O Brother, Where Art Thou? is a title with instant resonance for anyone with a sense of film history: it's the name of the film that Joel McCrea's director wants to make in Sullivan's Travels, a serious movie about man's inhumanity to man. After a stretch on a southern chain gang, he realizes that the world needs good comedy instead.Drenched in perfect period music -- from the Carter Family's Keep On The Sunnyside and Jimmie Rodgers' In The Jailhouse Now to Skip James's Hard Time Killing Floor Blues -- and roaming around the endless flatness of the Mississippi Delta, O Brother gives us a trio of escaped convicts (George Clooney, John Turturro and Tim Blake Nelson) in search of a buried treasure and trying to get Clooney back to his wife, Penny, before she can remarry. Yes, it's the Odyssey, complete with Sirens and John Goodman as the Cyclops.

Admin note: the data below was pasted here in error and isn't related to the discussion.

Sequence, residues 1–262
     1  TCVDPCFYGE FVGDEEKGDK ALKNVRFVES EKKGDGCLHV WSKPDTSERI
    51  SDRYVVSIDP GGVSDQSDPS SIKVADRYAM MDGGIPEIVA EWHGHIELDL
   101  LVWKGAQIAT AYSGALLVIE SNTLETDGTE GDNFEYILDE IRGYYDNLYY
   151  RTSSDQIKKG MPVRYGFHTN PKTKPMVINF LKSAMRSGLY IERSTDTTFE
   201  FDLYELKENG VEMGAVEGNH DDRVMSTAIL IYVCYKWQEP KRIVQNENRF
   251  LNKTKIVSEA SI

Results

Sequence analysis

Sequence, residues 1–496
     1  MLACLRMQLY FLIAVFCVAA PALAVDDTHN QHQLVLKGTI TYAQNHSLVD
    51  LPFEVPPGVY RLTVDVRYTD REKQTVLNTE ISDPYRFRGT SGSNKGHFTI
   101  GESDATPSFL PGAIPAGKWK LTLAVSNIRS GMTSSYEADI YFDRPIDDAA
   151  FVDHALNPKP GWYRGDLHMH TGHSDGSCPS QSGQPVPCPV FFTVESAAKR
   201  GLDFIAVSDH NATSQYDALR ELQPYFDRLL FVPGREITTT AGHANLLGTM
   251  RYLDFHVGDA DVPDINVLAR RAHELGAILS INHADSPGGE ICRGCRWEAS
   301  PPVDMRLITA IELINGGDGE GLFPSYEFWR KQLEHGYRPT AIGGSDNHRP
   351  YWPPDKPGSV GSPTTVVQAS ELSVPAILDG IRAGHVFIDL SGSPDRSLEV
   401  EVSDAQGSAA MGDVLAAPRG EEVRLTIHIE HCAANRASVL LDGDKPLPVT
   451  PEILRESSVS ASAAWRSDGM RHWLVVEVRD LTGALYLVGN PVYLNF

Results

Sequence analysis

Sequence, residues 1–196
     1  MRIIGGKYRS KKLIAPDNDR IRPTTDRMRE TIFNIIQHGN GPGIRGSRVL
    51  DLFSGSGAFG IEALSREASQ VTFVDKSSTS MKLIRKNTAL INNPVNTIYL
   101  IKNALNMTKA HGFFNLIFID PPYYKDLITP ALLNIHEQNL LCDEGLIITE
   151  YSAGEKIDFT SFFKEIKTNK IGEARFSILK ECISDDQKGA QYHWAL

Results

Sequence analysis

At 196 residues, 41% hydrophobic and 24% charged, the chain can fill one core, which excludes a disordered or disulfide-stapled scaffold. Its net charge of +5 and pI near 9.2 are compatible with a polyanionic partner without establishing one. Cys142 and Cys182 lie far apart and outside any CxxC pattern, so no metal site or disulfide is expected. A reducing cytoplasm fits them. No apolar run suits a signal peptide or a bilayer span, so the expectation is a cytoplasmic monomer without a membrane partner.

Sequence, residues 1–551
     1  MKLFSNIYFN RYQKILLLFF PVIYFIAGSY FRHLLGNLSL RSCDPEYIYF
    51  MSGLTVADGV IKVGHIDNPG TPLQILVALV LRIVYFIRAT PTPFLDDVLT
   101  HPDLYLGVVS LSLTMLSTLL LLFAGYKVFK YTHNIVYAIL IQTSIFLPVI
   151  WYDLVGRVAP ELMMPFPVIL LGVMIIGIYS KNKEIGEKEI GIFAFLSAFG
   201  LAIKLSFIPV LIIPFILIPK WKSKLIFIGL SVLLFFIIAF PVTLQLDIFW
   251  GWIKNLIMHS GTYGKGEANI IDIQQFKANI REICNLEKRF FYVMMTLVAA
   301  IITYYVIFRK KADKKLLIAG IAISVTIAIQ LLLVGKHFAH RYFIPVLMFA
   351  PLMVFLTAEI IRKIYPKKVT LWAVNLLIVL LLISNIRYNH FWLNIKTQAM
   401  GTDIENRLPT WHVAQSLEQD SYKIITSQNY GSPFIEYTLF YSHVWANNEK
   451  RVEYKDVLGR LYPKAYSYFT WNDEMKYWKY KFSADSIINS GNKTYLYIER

The Coens share Preston Sturges's fondness for actors with an appetite for baroque detail. Supporting actors in their movies get the same two minutes they'd get in anybody else's, but they get to shine: Stephen Root's demented blind radio station owner, singer Gillian Welch as a disappointed customer in the general store, the apoplectic fury of John McConnell's five seconds as the manager of the Woolworth's.
One can accuse the Coens of making films that are elaborate private jokes. On the other hand, you've got to admire a movie that stages a Ku Klux Klan lynching as a musical number that might have been choreographed by Busby Berkeley for the Southern Mississippi University marching band.